Chorea is an abnormal involuntary movement derived from the Greek word “dance”. It is characterized by brief, abrupt, irregular, unpredictable, non-stereotyped movements. In milder cases, they may appear purposeful; the patient often appears fidgety and clumsy. They can affect various body parts, and interfere with speech, swallowing, posture and gait.
Chorea may worsen with anxiety and voluntary movements, and subsides during sleep. They may occur with athetosis, a more distal, slower, writhing, abnormal movement, and is known as choreoathetosis. In more severe choreiform movements, they appear wild, violent, and may involve flinging of a body part and induce injuries, and is known as ballism. Chorea may also occur with other abnormal movements such as dystonia.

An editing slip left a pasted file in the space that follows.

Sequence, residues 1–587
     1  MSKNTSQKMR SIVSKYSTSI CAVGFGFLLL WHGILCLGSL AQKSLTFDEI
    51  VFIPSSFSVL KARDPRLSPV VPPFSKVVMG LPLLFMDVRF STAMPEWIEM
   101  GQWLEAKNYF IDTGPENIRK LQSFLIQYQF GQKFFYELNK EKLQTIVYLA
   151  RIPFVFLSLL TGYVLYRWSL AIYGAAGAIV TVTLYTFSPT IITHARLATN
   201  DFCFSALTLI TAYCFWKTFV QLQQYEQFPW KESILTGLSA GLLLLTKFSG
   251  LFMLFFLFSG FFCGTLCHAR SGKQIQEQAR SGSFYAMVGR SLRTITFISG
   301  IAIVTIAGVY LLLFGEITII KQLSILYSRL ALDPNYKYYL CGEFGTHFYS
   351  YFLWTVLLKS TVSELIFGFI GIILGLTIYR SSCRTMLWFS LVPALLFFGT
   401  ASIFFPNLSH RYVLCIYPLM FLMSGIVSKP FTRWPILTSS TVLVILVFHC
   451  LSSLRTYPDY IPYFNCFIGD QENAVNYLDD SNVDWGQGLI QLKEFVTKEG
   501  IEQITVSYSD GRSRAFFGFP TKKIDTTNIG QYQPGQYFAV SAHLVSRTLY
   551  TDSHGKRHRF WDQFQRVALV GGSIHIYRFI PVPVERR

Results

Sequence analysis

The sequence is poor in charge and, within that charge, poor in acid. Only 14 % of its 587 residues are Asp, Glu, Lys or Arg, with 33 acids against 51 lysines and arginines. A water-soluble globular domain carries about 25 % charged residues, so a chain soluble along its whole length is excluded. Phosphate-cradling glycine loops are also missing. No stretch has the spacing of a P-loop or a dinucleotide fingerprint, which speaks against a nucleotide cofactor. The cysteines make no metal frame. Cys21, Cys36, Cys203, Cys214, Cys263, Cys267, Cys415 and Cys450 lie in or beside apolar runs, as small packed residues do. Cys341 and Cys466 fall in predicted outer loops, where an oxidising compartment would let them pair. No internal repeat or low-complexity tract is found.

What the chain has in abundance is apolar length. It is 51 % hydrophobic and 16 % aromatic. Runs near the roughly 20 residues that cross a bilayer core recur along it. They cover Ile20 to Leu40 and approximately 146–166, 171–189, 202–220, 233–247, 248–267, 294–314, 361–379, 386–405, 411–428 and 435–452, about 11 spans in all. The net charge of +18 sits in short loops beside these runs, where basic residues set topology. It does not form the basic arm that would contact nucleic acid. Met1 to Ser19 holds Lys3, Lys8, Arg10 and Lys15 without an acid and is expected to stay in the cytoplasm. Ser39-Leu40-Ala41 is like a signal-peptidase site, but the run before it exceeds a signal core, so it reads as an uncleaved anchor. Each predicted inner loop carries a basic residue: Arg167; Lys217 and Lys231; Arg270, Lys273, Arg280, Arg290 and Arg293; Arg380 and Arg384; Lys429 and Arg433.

There is a wide range of seemingly unrelated causes, from pregnancy (chorea gravidarum) to inherited forms such as Huntington’s disease and benign hereditary chorea, infection/immune-related such as Sydenham’s chorea and systemic lupus erythematosus, focal vascular lesions in the basal ganglia, drugs such as levodopa, neuroleptics and oral contraception, various metabolic and endocrinological disorders such as hyperthyroidism, hypo/hyperparathyroidism and hypo/hyperglycemia. Its pathophysiology involves a functional dysregulation of the basal ganglia motor circuit, where the final thalamo-cortical output is increased, resulting in increased movement and chorea.
Treatment of chorea usually entails addressing its root etiology. The most common symptomatic treatment of chorea include the use of neuroleptic agents, other dopamine depleters such as tetrabenazine, and sometimes benzodiazepines.
Movement Disorders Organization -